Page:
We have epmp1000's , force180's and force200's out there in -35 to -50 without issues due to cold while operating. However if performing a new install or radio replacement, we found a radio that cold will take about an hour before it actually boots properly. So we created a cold weather policy to keep radios inside and not in the truck over night. radios are to be kept in the truck with the truck heater on to keep the radio warm and we wait to the last minute to mount the radio. once the radio boots, it can cool down and it will stay running. We also hand out as part of our welcome kit a notice about severe cold bootup times saying that a power outage to the radio may cause extended downtime and provide a chart to show the amount of time at temperature to boot up and the amount of time needed to cool the radio at those temperatures to cause the bootup delay. This chart is also used by our support staff to determine if a tech should be sent to that client or to have the client wait. We also suggest that every client purchase a UPS just for the radio and wifi to prevent issues with power outages and power bumps (which we see a lot of here).


I disagree with the bolded statement. If you look into computer CPU's and overclocking, when placed under a pelter/TEC or Ln2 cooling, you can run the same settings with less voltage than at room temp. 

Yes different kind of parts, but still electrical.

I do recall years back that cambium did state that even SMs have a warm up cycle to thaw if frozen on power up, i think they patched it in 3.0.1ish firmware. We had SMs having that issue that winter.


@Skullzaflare wrote:


I disagree with the bolded statement.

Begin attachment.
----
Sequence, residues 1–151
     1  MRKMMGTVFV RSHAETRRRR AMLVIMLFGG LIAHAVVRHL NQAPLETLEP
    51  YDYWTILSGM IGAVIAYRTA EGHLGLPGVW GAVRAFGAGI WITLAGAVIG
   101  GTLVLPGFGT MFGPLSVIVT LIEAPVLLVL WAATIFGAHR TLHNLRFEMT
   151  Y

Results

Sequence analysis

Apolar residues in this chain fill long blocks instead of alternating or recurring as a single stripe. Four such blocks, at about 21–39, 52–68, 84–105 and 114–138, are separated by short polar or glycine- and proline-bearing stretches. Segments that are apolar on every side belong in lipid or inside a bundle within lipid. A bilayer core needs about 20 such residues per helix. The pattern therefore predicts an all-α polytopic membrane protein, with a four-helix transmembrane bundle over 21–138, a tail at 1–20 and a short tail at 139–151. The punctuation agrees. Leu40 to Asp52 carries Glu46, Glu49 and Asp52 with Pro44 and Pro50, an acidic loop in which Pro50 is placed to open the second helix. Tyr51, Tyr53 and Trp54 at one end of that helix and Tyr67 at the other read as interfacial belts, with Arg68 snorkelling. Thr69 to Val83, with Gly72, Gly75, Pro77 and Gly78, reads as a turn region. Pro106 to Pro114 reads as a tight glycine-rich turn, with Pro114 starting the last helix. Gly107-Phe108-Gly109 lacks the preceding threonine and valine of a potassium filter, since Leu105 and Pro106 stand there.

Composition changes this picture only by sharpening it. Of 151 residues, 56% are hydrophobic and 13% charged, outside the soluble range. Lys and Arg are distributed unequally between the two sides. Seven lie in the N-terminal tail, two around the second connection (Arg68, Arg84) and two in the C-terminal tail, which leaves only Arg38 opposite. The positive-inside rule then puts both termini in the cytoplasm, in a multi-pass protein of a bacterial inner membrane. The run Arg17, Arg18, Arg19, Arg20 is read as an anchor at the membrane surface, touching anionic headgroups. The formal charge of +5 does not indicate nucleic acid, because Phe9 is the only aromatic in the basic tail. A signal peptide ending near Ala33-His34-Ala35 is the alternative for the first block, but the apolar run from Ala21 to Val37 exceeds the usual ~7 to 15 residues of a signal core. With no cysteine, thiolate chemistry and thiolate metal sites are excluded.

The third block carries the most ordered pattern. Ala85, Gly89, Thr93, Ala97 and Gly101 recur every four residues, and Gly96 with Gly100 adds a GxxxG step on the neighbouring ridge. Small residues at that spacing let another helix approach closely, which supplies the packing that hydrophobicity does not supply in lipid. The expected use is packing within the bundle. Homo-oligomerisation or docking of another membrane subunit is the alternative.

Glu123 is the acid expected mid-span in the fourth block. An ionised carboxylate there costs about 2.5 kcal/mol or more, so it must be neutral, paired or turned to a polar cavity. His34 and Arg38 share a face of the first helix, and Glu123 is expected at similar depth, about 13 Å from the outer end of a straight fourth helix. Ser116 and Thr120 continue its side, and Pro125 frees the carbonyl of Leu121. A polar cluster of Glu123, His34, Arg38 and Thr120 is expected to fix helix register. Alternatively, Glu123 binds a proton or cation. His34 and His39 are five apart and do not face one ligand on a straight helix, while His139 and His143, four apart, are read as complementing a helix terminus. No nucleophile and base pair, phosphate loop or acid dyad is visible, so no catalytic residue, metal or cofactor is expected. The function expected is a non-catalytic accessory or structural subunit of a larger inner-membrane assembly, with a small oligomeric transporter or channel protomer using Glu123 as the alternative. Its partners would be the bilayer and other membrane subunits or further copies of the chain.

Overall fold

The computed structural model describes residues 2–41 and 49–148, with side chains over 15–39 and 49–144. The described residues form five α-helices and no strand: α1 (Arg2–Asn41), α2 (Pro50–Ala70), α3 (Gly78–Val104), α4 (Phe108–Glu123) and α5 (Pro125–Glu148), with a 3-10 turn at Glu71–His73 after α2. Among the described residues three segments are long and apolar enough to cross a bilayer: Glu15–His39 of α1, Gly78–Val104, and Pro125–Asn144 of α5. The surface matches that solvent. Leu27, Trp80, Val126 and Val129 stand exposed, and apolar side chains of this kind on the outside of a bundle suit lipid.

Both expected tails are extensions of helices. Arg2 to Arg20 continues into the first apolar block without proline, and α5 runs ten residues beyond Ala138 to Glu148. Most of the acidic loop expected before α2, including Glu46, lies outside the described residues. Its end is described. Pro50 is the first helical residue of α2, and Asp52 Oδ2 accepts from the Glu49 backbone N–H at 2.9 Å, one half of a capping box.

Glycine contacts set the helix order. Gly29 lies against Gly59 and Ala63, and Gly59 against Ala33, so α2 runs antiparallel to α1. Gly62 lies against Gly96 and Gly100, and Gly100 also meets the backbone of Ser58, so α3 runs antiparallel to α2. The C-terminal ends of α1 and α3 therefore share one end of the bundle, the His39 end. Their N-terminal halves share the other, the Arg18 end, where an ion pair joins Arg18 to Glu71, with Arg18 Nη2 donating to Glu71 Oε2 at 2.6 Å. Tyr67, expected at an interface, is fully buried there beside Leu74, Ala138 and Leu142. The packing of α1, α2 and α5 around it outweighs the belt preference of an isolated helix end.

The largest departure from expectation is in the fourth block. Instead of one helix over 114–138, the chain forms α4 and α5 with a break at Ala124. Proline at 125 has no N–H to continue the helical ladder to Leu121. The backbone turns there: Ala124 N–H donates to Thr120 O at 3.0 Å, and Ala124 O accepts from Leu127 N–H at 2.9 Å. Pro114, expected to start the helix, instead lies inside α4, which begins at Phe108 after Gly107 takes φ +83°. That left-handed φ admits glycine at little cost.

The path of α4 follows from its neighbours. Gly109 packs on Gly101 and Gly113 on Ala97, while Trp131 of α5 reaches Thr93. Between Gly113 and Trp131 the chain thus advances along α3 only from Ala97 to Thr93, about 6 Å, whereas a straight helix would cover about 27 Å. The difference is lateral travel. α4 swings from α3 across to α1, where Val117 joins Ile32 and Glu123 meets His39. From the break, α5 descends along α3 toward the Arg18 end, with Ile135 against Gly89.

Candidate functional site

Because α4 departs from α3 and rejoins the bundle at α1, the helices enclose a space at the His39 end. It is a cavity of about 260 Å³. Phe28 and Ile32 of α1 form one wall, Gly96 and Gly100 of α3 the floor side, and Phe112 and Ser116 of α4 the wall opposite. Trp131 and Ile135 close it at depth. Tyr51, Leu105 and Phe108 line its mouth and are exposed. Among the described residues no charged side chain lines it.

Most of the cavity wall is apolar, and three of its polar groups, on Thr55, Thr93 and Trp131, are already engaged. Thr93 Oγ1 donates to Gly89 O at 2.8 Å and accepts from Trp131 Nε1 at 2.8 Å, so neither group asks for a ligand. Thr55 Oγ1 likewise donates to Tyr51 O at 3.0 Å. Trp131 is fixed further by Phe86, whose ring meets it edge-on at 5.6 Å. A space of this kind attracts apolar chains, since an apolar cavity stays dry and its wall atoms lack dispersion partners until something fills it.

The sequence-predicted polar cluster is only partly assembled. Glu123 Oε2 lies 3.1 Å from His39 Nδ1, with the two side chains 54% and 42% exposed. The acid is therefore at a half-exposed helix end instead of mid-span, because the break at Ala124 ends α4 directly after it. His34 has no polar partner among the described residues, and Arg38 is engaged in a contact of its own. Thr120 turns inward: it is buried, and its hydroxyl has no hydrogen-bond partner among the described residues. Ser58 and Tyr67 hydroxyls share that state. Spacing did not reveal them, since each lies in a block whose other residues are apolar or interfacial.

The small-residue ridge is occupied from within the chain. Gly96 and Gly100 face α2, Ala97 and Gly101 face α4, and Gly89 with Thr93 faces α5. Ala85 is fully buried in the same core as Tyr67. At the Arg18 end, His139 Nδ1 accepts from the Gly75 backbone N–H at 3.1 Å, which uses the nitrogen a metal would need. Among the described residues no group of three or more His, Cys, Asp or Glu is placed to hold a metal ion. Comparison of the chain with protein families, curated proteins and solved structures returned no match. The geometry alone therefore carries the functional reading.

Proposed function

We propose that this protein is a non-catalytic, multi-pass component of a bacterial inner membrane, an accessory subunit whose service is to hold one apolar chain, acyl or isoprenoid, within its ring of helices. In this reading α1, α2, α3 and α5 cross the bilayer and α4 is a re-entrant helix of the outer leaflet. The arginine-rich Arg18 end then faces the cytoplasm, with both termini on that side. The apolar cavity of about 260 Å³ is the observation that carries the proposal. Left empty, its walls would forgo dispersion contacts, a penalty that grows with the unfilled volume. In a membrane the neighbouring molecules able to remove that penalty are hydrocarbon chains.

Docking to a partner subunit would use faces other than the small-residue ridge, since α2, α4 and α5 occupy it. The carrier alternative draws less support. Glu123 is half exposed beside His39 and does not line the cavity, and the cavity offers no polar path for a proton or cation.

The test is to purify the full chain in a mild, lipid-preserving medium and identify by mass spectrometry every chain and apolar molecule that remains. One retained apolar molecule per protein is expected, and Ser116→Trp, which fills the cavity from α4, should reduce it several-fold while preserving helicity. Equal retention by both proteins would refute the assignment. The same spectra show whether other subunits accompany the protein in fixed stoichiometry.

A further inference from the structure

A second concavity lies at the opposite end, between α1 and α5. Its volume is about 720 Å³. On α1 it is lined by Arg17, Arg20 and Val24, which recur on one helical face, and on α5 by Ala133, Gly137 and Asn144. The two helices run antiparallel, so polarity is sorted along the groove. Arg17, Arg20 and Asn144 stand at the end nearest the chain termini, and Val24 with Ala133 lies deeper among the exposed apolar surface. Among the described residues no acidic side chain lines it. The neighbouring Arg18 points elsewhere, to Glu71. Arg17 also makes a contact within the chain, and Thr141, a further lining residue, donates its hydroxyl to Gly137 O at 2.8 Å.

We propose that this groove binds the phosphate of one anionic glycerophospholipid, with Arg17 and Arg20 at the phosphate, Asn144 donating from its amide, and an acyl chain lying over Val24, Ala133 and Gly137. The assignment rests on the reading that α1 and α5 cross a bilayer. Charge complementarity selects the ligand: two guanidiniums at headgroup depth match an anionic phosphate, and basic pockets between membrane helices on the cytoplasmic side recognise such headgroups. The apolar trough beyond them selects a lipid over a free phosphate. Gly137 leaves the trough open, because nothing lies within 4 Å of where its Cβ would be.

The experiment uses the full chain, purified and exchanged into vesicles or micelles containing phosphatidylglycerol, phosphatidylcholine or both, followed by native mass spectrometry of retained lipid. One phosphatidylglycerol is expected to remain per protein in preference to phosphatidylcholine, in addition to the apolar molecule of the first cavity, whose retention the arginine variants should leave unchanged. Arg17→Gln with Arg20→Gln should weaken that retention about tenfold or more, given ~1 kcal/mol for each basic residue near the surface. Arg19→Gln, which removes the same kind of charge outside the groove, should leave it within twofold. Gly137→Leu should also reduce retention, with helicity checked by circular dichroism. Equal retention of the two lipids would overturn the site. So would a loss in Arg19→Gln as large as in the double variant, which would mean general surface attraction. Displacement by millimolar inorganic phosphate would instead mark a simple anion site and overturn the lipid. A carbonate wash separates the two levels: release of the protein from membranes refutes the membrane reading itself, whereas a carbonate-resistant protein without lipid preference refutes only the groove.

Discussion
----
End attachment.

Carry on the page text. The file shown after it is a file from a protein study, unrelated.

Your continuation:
Ohms law, along with the basic principles of semiconductors, disagrees with it as well. Nothing against his post as Douglas had some good points. Thank God, I do not have to deal with such temps. 

They did not fix it. Yesterday at -27 I switched (froce 180) from AP mode to SM and lost equipment. The port is up, but there are no MAC addresses. Only reboot helped. Epmp 1000 also hung. MAC only pinged arping, IP did not ping.

For you guys that are having cold related issues... I wonder what is different between our installations and yours?  We are in Northern Canada, and we get lots of -30 -40 temperatures here, and colder. Our record low here is -56c (-70 F) and we don't experience cold related problems with Cambium - neither the old FSK or the ePMP.

I am wondering...  are you using the Cambium supplied power supplies (30v and 56v) or are you using generic 24v power supplies? or using 24v POE from a switch or router?

We use the one that comes with the kit.


@afetisov wrote:

We use the one that comes with the kit.


OK, sounds good. I just thought that might be a cause, but apparently not.  I wonder what's different on our systems here... we don't use Force180s, but our ePMP1000s and Force200s and Force3000s live through -30c -40c -50c temps with no problems.

Hi,

Do you have any support case opened with our support team?

As a general fact we have thousands of units deployed in the harshest environments so cold issues is something out of ordinary.

Thanks,

Dmitry